Rain from Beryl - Is it Enough?
The rain from beryl has been bearing down on North Central Florida, but is it enough to replrenish local rivers?
Residents from High Springs had the same question today as they came to see if the rain had made any difference to the Santa Fe River.
A river whose water levels are the lowest they have ever been in recorded history.
Chris Bird, the director of Alachua County Environmental Protection says the rain from Beryl has only made the river rise a few inches in the last 36 hours because the ground is so dry .
"If we had been having normal rain and the aquifer hadn't been pumped down so low like it has been because of the drought, the rain that we had in the last 36 hours would have caused more flooding."
Bird says to get the river levels to where they should be, it would take six or seven times the amount of rain we have gotten to saturate the ground.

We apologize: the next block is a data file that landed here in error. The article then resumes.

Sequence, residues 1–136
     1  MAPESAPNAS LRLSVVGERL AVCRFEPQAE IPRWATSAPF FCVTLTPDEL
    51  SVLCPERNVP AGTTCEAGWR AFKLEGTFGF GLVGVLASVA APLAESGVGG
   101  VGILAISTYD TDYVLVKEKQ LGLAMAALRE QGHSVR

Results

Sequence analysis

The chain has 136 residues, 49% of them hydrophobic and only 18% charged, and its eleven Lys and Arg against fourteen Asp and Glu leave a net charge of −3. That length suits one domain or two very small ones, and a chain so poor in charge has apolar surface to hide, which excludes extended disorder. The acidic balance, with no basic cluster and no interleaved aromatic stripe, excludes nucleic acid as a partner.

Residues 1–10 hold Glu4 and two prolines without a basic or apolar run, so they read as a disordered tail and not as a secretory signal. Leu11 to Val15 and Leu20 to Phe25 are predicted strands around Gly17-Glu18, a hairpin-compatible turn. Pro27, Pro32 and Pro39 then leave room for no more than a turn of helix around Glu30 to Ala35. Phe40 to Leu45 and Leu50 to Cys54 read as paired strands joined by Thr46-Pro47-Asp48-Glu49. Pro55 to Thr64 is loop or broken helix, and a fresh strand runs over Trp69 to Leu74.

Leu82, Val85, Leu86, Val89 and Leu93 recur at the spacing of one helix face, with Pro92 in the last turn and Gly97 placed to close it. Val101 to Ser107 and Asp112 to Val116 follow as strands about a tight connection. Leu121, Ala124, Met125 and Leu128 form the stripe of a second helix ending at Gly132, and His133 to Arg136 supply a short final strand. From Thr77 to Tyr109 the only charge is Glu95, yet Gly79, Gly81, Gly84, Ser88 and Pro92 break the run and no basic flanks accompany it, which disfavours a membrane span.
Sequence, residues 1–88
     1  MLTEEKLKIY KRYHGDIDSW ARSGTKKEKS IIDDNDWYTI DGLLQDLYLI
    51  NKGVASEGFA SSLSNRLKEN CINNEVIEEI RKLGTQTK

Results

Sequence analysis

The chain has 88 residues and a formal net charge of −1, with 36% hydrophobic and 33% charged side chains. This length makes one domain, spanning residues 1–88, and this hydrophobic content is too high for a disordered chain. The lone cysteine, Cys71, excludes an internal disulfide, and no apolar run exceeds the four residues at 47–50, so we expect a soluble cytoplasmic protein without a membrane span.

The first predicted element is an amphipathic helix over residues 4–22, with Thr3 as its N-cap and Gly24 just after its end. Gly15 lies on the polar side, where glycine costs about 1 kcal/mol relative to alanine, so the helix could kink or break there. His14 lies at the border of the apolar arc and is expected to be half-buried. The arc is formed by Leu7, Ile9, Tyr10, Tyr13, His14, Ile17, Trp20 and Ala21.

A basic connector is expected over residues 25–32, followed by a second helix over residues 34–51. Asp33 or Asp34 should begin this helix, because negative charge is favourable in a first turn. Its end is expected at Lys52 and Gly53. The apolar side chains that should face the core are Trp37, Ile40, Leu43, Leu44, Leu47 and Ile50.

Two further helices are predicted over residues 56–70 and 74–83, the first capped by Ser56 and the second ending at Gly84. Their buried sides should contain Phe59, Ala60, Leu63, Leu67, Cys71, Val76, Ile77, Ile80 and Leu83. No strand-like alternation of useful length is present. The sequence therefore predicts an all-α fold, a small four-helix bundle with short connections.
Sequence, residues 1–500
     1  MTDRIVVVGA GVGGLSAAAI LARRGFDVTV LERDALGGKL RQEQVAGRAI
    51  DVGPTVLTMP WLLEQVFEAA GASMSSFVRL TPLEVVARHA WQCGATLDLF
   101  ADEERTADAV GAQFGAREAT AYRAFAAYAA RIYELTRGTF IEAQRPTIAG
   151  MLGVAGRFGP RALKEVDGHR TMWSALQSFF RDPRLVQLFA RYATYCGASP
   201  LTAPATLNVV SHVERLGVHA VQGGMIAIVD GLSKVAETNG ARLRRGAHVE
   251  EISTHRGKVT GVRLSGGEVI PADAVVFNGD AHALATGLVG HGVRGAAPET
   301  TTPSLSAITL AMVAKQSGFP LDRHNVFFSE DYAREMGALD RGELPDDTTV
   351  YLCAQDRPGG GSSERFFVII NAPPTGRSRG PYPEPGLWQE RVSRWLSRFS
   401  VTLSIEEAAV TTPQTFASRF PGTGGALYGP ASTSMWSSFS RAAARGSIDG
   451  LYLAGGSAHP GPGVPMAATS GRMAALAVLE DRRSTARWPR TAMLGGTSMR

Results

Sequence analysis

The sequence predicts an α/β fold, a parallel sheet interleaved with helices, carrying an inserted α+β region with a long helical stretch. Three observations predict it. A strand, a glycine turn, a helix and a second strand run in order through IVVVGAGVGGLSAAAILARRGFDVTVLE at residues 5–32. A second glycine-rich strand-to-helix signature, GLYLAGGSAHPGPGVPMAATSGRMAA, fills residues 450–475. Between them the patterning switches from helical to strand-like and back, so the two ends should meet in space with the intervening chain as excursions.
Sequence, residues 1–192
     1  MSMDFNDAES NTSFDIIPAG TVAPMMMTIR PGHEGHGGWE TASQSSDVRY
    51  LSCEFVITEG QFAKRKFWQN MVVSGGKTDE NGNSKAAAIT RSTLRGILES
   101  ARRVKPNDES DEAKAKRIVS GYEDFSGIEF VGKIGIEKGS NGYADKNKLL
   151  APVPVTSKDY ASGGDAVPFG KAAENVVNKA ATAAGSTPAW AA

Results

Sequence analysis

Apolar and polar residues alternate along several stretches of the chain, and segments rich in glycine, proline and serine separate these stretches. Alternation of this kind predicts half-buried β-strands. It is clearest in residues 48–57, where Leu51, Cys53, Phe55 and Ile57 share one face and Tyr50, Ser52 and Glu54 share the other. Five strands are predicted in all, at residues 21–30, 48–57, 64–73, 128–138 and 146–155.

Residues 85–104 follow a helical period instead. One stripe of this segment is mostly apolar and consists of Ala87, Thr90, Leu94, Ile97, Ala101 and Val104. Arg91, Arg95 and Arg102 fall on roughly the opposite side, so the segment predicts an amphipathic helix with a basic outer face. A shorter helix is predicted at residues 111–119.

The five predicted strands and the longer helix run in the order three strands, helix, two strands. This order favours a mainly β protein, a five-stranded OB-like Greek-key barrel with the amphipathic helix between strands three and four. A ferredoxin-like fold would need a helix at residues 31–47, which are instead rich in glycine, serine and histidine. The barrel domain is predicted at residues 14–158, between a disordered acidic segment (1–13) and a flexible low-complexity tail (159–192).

He is hoping the rain will also clear away the algea blooms that have developed that haven't yet washed away despite the rainfall.
- Santa Fe River At Three Rivers Estates Under Flood Warning
- Flooding on the Santa Fe River
- Stretch of Santa Fe River Reaches Flood Stage
- Residents Shocked by Santa Fe River Flood Levels
- Huge Addition To Alachua County's Public Lands, Levy Prairie
- Alachua County Fire Rescue Improves Public Protection Class
- Alachua County Closer to Opening Protected Land to Hunting
- From Droughts to Dugouts
- Flooding reaches crest on some parts of rivers
- Rivers flood in North Central Florida